For the sake of our example, let's assume that the northeast corner of our imaginary lot is at the intersection of Yonge and Bloor. Here, Bloor is the north boundary and Yonge is the east boundary. Your reference point will have to be at the corner on the south side of Bloor, and the west side of Yonge. If you go to the east side of Yonge (66 feet away), you are now in the northwest corner of Lot 8. The reference point is very important.

1)         you are going to start at a point (northeast corner of Lot 7)

2)         then you are going to travel due south along Yonge in a straight line, 210 feet,

3)         then you are going to make a right turn ( a 90 degree right turn)

4)         then you are going to travel due west a distance of 90 feet to a point,

5)         then you are going to make a left turn ( a 90 degree left turn)

6)         then you are going to travel due south (parallel to Yonge)  a distance of 90 feet to a point,

7)         then you are going to make a left turn ( a 90 degree left turn),

8)         then you are going to travel due east (parallel to Bloor)  a distance of 90 feet to a point,

9)         then you are going to make a left turn ( a 90 degree left turn),

10)       then you are going to travel due north along Yonge  a distance of 90 feet to a point,

11)       now, you are back to the point where you started.

Really, that's just about all there is when you are considering a metes and bounds description. Very old descriptions referred to oak trees and so on. Naturally as time went by, they really weren't good reference points.

Sorry, I can't help you if you are a soccer fan!

Brian Madigan LL.B., Broker is an author and commentator on real estate matters, if you are interested in residential or commercial properties in Mississauga, Toronto or the GTA, or you would like a free market evaluation of your home in Erin Mills, Credit Mills, Credit Woodlands, Sheridan Homelands, Sawmill Valley, Bridlepath, Pheasant Run, Sherwood Forrest or Mississauga Oakridge, you may contact him through Royal LePage Innovators Realty, Brokerage 905-796-8888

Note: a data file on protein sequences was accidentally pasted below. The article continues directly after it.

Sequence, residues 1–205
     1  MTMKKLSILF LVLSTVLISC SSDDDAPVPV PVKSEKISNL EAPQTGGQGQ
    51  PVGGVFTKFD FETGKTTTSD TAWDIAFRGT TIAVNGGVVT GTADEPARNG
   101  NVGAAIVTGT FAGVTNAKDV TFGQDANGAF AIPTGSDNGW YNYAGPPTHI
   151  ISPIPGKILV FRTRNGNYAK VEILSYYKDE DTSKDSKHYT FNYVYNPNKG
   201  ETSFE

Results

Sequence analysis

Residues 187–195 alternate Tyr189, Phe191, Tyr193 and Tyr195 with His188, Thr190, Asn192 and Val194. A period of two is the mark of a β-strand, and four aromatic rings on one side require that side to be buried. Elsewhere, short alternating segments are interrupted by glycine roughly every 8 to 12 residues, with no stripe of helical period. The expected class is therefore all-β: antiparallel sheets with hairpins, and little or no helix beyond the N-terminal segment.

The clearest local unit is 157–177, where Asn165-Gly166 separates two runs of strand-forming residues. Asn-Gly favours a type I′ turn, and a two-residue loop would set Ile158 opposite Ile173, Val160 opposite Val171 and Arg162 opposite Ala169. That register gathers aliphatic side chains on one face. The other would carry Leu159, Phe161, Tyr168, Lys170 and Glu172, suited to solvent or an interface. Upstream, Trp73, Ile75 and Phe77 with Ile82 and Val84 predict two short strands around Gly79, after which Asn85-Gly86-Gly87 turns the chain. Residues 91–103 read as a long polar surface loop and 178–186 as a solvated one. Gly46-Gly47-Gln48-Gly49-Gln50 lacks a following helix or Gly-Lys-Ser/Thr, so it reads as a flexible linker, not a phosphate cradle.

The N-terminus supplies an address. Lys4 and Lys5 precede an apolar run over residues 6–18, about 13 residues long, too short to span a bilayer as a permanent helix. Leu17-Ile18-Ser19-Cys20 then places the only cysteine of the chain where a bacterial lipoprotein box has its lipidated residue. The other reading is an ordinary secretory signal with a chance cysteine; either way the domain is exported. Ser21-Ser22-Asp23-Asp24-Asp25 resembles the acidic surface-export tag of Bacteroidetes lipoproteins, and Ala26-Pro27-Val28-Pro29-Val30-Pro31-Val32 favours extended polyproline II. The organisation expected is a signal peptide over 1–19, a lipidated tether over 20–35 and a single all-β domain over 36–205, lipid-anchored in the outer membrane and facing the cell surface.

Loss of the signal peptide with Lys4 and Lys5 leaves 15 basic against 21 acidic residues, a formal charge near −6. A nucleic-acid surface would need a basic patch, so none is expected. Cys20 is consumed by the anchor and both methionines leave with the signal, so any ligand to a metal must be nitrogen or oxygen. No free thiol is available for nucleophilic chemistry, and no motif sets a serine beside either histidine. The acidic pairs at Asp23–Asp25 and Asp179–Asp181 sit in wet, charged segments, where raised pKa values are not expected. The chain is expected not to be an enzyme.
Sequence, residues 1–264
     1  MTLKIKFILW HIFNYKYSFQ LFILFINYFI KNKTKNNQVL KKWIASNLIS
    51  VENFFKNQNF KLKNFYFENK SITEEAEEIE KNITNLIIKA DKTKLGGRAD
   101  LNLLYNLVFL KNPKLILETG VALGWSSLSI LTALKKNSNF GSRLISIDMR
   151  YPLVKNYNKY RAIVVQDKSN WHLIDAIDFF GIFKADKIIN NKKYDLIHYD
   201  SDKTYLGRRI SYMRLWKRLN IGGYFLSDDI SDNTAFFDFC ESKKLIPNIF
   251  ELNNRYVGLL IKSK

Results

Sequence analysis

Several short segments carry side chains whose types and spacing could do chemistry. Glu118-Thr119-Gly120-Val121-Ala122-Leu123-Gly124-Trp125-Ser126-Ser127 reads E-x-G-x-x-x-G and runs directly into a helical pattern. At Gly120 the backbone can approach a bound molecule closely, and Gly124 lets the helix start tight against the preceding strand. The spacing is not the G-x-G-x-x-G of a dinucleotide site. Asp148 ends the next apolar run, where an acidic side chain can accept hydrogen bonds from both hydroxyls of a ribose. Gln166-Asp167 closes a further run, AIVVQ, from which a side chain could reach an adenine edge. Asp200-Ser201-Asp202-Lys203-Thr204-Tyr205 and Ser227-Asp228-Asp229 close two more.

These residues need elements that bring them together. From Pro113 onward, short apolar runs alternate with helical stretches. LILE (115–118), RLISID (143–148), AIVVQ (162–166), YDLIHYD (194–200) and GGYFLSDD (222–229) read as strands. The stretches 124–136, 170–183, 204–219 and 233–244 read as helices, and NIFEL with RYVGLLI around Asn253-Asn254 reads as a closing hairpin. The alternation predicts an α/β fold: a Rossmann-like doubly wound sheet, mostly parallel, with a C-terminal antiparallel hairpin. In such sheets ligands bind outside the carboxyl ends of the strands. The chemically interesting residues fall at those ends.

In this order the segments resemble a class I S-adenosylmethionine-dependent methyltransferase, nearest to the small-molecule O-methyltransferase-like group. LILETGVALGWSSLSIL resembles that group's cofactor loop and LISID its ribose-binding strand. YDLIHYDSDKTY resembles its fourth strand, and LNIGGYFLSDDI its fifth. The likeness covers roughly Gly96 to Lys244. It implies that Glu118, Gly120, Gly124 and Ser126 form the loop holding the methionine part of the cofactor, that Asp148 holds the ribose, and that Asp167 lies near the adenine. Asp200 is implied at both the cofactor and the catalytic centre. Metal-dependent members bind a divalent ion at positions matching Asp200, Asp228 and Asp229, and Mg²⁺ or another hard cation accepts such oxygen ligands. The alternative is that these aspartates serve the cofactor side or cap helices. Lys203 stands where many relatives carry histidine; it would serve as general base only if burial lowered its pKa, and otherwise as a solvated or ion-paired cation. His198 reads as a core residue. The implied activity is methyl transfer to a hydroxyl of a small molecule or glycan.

www.OntarioRealEstateSource.com

 

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Show All Comments
Rainmaker
967,956
Edward & Celia Maddox
Solutions Real Estate - Queen Creek, AZ
We Take The High Road

Great explanation and example of meters and bounds.

April 16, 2011 11:38 AM #1
Rainmaker
795,743
David Spencer
Keller Williams Team Realty - Bloomingdale, IL
Chicago Area Commercial-Residential R.E.

Good explanation; however Metes & Bounds description are read clockwise. you would have to go to 3rd base first.

April 16, 2011 12:14 PM #2
Rainmaker
563,924
Chris Smith
Re/Max Chay Realty Inc., Brokerage - New Tecumseth, ON
South Simcoe, Caledon, King, Orangeville Real Esta

Brian, finally a topic I have always felt comfortable with... so many of my friends over the years have fretted over deed's with metes and bounds description, and most realtors do not touch it after segment 2 (or whatever they are calling it now).  I love the challenge of deciphering them (the penmanship usually seems so formal =)

April 16, 2011 05:13 PM #3
Rainmaker
895,352
Brian Madigan
RE/MAX West Realty Inc., Brokerage (Toronto) - Toronto, ON
LL.B., Broker

David,

Good point. In Ontario, most but not all metes and bounds descriptions will be clockwise.

That would then be 300 feet to home, 3rd, 2nd, 1st and back to home.

Brian

April 16, 2011 05:39 PM #4
Rainmaker
447,863
Malcolm Johnston
Century 21 Lanthorn Real Estate LTD., Trenton, Ontario - Trenton, ON
Trenton Real Estate

Once we get a bit of experience with metes and bounds it becomes a bit simpler to deal with.

April 17, 2011 10:22 AM #5
Anonymous
Anonymous
Monica Vivian

I still do not understand Metes and bounds...i've been searching the internet for hours and it doesnt get any easier. i feel like everyone understands it but me.

September 01, 2012 02:01 PM #6
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Brian Madigan